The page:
Friday, March 9, 2012

Friday 5: Things I learned teaching nature photography to kids

I've been a little busy lately (I know; haven't we all), but I'm actually trying to build up a buffer so I can really write polished posts again -- funny stuff, poignant stuff, all that crap. I miss that. I'm also streamlining how I handle my blog and my various other time-sucks, so I can get to know more of you. (Find me on Google+, Twitter, or Facebook; we can waste time together!)

But I have been doing stuff! Story pitches. Research. And sometimes, I even get out of the house. I taught a kids' photography workshop at the Chandler Environmental Education Center. After some first-timer fumbling, I do hope I taught them a thing or two and we all had a good time, in the classroom, but mostly in the field. It's all stuff that's old-hat to my photographer friends, and even many who've read some posts here, so I'll go a different route. Here are five lessons they taught me.

1. Streams must always be crossed. Repeatedly. Here's how to tell which side of the stream is best: It's not where you are at the moment.

Make sure you choose the mossiest, most slippery rocks when crossing. If you feel like you're slipping, fling your camera around a few times for balance. Especially if it's holding the instructor's telephoto lens.

2. You might have to go through the mud. Scratch that. You'll always have to go through the mud. Don't worry; you can take your shoes off and leave them behind for the instructor! Also, try to spread yourselves out as widely as possible, especially if there's only one adult watching you all. If she looks worried about keeping an eye on the two of you at the stream, the one by the cactus and the rest stalking the egret, don't worry. She's savoring the challenge.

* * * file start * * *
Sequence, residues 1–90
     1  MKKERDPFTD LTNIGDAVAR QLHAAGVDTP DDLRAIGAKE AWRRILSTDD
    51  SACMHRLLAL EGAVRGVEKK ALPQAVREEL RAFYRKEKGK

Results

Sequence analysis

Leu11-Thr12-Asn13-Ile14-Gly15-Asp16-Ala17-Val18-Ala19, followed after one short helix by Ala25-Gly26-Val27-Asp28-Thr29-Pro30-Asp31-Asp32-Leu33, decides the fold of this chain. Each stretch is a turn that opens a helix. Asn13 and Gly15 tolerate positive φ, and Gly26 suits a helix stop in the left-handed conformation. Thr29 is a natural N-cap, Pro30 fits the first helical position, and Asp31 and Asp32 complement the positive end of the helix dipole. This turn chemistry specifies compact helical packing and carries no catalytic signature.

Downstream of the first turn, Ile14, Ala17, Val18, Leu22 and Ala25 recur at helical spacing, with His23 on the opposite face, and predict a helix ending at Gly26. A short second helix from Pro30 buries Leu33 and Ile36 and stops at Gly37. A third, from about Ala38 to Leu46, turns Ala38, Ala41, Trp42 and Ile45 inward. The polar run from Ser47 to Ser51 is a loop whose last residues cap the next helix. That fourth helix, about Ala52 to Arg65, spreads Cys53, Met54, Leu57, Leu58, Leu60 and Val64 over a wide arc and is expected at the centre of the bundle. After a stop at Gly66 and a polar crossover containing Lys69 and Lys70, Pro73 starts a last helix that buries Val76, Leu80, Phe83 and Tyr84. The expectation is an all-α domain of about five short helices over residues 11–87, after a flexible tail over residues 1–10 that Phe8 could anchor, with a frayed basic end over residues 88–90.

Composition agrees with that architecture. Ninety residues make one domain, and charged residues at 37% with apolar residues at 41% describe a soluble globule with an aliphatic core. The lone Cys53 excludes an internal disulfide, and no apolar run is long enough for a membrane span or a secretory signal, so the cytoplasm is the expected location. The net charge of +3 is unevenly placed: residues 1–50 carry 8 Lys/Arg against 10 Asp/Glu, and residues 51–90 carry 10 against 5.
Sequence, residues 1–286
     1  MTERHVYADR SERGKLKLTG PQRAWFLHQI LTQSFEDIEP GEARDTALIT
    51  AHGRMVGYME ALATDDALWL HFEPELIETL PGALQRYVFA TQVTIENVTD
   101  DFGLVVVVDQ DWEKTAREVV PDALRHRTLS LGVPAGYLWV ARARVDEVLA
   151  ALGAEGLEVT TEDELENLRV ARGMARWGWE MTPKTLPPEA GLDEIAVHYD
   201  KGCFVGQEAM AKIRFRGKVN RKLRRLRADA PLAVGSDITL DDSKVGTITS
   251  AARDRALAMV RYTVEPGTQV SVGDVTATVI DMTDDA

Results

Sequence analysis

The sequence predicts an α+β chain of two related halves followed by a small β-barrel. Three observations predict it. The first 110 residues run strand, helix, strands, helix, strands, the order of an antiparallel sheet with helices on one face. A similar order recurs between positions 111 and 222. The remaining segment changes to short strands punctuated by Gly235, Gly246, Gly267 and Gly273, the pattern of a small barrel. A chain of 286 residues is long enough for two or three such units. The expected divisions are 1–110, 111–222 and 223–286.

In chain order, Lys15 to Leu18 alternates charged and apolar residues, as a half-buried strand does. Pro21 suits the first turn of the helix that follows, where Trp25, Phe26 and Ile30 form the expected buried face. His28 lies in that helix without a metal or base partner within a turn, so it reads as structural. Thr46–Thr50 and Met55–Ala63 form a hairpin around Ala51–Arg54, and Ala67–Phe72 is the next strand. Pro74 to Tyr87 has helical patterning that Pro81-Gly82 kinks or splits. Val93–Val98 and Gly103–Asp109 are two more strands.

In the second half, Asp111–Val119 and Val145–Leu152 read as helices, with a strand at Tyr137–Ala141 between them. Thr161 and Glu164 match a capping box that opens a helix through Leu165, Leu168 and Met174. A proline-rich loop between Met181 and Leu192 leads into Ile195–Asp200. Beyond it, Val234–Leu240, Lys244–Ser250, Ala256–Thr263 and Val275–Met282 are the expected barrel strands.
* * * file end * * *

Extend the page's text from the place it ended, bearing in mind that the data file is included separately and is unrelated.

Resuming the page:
3. The best place to hold a photograph is with your thumb pressed firmly into the front of the print. The best way to hold pricey camera equipment is however the hell you want. If it's your turn to borrow the telephoto lens and you notice the instructor's eyes bugging as she appears to be using the force to stop the lens from careening into stuff, don't worry. It's just another challenge! See how the game works?

4. Teachers love when you take surreptitious pictures of them. Seriously. They don't mind at all that you're clicking and giggling away in the middle of a lecture. And they especially love the up-the-nostril angle you capture from your seat.

5. Bugs are beautiful. Pooping is funny. That orange rust-colored stuff in the water is really a plant. It doesn't matter if you don't know what you're doing; just start doing it and it'll come. Smelly feathers are still worth saving. Make sure you pick up stray fishing line. Surreptitiously remove the bread from the ducks after the old couple walks away; supply cracked corn instead. Protect the birds' nests. Cormorants look like they're stuck up. Kids are freaking wonderful.

4 comments:

Dawn Suzette said... Best Blogger Tips

This is great! Glad you had a good time! What fun for the kids!

Kim Hosey said... Best Blogger Tips

Thank you! I did have a great time, and I hope they did as well. :-)

thedragonflywoman.com said... Best Blogger Tips

Ha ha ha ha ha! I love the bit about how they hold the camera. In my experience, it's with grubby fingers all over the lens. Reminds me of the time I handed my DSLR to my little cousin to take a photo of the sea turtles behind the house my family was staying at during my sister's wedding. I carefully wrapped the strap around her head, told her to be really careful, told her how to make it work, and she reached out to pick up the camera to get a shot and... picked it up by the glass on the lens. To be fair, I didn't tell her NOT to touch the lens, but I cringed horribly when I saw her do that.

I've taught kids photography before and I had basically all the same experiences as you. Isn't it fun?

Anonymous said... Best Blogger Tips

About to give a one day camp on nature photography... Thanks for the tips...wish me luck!